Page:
Covid-19: A catch-22 for our most vulnerable

Opinion: The government has responded to Covid-19 with a rescue package for business, writes Susan St John. The same must be done to help low income children.

As a direct result of the Covid-19 crisis, the Government has improved its rescue policies for business. We now need to see urgent adjustment to policies that support low-income children.

Adults on benefits will get some modest and desperately needed help from April 1. By May there will also be a higher winter energy payment. But the extra income needs of children have been all but invisible.

In a very timid move, from July 1, families who have some employment income but cannot meet the required hours of work can retain the ‘In Work Tax Credit’ (IWTC) for the support of their children. Only about 19,000 families will qualify for this payment of at least $72.50 a week, at a tiny expected cost of $32 million. Even this is not a cost unless you think it was ever legitimate to save money by penalising children when parent lose their hours of work.

Here is an example given with the Covid-19 package:

"A is a sole parent that works 20 hours per week normally, earning income, and not receiving a main benefit. Because of this, A is eligible to receive the IWTC. However, in light of Covid-19, A’s hours may be reduced to 10 hours per week. Because of this, she would no longer be entitled to the IWTC. This change will allow A to continue to receive the IWTC in these circumstances.”

But the problem with this example is that this sole parent will probably soon need a benefit and then her children will miss out.

Low-income workers whose jobs have disappeared will increasingly need to access benefit income. When this happens, they lose the IWTC for their children. The IWTC cannot operate now as a work incentive, if indeed it ever could. In short, it is wrongly named. For low-income families the IWTC is just part of the Working for Families weekly payment to the caregiver for their children. It adds to the Family Tax Credit and is last to disappear when families gradually lose their Working for Families payment when their household income goes above $42,700.

CPAG fought in the courts to establish that the IWTC be primarily payment for children and won that point. Unfortunately, while the courts agreed poor children were harmed by being excluded from benefitting from this payment, and that exclusion was discriminatory, they did not rule that this was illegal. Now is the time to remedy that.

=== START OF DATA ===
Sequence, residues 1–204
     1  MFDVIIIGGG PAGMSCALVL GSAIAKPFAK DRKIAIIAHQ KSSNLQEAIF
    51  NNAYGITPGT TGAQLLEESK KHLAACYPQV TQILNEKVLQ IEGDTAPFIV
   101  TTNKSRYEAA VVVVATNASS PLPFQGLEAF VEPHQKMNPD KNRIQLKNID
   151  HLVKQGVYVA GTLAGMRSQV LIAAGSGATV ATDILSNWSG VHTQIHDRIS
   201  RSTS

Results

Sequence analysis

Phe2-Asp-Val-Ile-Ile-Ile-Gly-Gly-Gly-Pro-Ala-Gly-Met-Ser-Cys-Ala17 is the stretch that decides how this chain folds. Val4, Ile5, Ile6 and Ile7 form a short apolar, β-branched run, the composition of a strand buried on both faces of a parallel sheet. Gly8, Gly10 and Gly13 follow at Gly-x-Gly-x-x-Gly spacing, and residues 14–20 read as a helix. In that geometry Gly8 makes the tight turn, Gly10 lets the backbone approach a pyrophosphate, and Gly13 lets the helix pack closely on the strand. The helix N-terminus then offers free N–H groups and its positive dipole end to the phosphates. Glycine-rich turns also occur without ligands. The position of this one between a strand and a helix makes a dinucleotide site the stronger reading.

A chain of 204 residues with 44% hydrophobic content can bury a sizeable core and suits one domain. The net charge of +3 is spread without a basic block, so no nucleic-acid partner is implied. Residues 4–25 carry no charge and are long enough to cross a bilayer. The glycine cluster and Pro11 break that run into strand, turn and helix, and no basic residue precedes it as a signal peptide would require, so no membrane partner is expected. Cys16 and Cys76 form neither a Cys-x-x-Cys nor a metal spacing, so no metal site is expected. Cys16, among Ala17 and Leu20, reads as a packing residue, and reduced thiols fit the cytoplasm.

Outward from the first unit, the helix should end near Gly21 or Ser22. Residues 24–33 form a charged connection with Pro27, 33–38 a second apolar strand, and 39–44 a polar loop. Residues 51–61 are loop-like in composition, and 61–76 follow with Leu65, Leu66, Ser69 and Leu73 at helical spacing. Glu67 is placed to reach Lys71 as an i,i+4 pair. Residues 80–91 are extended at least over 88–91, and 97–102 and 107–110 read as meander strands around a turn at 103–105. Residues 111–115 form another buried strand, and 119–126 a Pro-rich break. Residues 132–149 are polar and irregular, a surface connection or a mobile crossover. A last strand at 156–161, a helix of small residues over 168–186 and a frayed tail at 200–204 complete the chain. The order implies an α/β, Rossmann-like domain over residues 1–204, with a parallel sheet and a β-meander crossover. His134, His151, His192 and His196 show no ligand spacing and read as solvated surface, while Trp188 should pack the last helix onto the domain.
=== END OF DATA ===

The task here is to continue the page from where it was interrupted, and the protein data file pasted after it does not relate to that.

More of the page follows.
July 1 is three months away. This is an eternity for children and their parents. CPAG, like other NGOs, is hearing stories of sheer desperation. Families who couldn’t stock up even for a few days because they live benefit day to benefit day, families who have no fridge, families without internet or computers to keep learning going, to say nothing of families with special needs. The food needs of confined and hungry children, especially teenagers, will sky-rocket. Help for children is needed right now.

The obvious way to help the worst-off children, easily and immediately is to deliver the IWTC to all low-income families, including those receiving benefits. This group will soon include thousands who have lost their jobs due to Covid-19. The cost of doing this for those who currently miss out is around $0.5 billion.

The state should not be saving money by denying IWTC to those who now fail to qualify, whether in the next days, weeks, or after July. But without this policy change, that is exactly what will happen as more and more families lose entitlement to this significant payment.

Susan St John is Associate Professor of Economics in the Business School and economics spokesperson for the Child Poverty Action Group.

This article reflects the opinion of the author and not necessarily the views of the University of Auckland.

Used with permission from Newsroom Covid-19: A catch-22 for our most vulnerable 29 March 2020.

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